Therefore, it is essential for companies to carefully draft and regularly review their articles of association to ensure that they accurately reflect the company’s operations and comply with relevant laws and regulations.

 

Here’s a comprehensive look at a company’s Articles of Association (AoA), including their purpose, typical content, and how they function:

What are Articles of Association?

  • Internal Rulebook: The AoA acts as a set of rules and regulations that determine the internal operations and governance of a company. It works in tandem with the Memorandum of Association (MoA).
  • Complements the MoA: While the MoA outlines the company’s relationship with the external world, the AoA focuses on how the company will run itself.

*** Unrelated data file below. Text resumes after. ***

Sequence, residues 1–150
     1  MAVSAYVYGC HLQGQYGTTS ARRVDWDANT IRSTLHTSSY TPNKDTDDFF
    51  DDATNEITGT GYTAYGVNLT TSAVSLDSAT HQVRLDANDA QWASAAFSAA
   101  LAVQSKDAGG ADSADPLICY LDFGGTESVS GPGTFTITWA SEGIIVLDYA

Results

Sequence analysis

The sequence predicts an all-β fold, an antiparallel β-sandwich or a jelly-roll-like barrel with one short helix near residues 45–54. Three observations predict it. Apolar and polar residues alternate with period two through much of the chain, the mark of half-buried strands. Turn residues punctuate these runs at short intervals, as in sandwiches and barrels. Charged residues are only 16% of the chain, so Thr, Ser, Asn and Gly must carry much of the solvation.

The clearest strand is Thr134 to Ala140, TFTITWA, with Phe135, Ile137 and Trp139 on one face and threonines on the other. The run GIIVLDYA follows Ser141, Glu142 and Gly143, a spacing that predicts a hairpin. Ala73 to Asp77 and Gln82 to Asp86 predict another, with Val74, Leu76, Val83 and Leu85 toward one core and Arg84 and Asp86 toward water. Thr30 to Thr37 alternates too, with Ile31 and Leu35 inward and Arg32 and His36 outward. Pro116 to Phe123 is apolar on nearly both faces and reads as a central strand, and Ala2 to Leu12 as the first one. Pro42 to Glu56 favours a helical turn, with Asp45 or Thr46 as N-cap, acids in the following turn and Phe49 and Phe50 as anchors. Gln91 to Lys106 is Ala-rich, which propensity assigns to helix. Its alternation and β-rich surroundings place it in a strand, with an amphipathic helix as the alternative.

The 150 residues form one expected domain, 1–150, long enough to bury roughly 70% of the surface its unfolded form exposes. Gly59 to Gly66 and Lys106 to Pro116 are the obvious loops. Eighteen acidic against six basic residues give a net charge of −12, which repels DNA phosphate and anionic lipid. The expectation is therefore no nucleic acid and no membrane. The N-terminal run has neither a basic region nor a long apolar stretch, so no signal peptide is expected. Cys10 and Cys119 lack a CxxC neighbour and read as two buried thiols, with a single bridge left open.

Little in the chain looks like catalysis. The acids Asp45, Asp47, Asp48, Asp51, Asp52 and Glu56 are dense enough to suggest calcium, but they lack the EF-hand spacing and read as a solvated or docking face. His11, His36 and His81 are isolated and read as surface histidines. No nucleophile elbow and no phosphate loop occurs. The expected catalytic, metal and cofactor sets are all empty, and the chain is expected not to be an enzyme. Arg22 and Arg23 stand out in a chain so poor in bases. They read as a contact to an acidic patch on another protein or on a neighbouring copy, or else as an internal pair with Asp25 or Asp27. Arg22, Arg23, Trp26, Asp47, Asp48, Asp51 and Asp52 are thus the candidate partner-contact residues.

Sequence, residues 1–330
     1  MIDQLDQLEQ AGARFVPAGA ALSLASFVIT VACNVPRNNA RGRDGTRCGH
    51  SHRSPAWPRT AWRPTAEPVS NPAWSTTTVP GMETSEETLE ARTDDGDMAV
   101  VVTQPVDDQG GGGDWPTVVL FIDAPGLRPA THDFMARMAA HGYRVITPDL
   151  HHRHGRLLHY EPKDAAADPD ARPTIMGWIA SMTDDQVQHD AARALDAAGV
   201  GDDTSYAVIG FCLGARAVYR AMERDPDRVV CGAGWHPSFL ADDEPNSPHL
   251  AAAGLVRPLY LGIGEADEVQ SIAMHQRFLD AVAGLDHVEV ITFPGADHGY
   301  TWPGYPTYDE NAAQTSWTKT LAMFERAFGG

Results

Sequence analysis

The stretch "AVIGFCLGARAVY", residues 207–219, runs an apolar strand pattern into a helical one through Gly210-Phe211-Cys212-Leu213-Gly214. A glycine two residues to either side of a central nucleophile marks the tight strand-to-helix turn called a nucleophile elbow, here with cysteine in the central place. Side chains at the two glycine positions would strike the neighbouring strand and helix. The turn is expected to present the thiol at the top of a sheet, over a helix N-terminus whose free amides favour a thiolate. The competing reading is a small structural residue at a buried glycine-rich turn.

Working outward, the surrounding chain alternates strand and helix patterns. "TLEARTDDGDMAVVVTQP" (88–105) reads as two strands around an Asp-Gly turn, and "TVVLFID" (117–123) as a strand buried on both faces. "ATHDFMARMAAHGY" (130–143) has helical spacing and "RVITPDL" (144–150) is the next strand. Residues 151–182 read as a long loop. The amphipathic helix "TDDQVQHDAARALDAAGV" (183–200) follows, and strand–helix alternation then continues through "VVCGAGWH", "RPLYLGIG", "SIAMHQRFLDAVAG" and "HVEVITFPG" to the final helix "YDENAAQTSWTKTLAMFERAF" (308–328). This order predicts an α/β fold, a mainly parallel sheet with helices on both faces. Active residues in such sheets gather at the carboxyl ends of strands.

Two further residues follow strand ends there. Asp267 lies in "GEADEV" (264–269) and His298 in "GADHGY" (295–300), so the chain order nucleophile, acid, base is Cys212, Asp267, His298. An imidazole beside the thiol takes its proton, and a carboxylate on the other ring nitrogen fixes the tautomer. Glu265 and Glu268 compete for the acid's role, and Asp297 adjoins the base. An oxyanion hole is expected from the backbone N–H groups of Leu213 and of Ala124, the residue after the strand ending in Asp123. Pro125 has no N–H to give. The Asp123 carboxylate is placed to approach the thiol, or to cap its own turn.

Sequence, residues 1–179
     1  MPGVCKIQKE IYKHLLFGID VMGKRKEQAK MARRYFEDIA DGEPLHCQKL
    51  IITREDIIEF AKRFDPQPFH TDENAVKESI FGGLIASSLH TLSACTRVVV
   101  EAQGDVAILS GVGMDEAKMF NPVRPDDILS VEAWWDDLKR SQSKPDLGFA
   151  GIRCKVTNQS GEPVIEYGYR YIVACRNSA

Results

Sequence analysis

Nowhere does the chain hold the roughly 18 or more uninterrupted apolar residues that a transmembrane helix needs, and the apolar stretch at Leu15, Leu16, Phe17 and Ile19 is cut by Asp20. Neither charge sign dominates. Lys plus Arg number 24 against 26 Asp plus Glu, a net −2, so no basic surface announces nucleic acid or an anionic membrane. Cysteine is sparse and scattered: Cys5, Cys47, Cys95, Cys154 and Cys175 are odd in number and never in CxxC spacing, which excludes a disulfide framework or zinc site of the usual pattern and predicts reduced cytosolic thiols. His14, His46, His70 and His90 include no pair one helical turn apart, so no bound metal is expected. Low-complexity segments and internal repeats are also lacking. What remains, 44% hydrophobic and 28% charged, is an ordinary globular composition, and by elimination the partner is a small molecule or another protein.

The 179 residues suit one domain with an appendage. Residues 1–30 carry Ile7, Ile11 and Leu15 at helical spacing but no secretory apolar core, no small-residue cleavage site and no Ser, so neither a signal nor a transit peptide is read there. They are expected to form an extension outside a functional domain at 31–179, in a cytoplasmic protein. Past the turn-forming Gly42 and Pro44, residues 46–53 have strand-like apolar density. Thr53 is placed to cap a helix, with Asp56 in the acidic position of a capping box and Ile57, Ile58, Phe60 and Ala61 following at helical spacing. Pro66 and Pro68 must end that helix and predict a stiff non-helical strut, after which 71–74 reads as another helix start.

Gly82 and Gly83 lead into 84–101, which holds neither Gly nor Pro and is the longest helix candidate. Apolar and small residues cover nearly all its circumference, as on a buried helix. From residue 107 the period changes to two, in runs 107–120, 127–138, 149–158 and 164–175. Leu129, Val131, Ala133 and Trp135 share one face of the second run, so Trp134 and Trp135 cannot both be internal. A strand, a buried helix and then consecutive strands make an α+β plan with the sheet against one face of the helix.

• Binding Agreement: The AoA is a legally binding agreement between the company and its shareholders, as well as among the shareholders themselves.

Typical Contents of Articles of Association

The exact contents of an AoA can vary, but they commonly cover the following areas:

  • Shares:
    • Rules on the issuance and transfer of shares.
    • Different share classes (ordinary, preference, etc.) and their rights.
    • Procedures for share capitalization (e.g., issuing new shares).
  • Directors:
    • Powers and responsibilities of directors.
    • Processes for appointment, removal, and remuneration of directors.
    • Directors’ decision-making procedures (meetings, voting).
  • Shareholders’ rights:
    • Voting rights associated with different share classes.
    • Procedures for general meetings of shareholders (notice periods, agendas, etc.).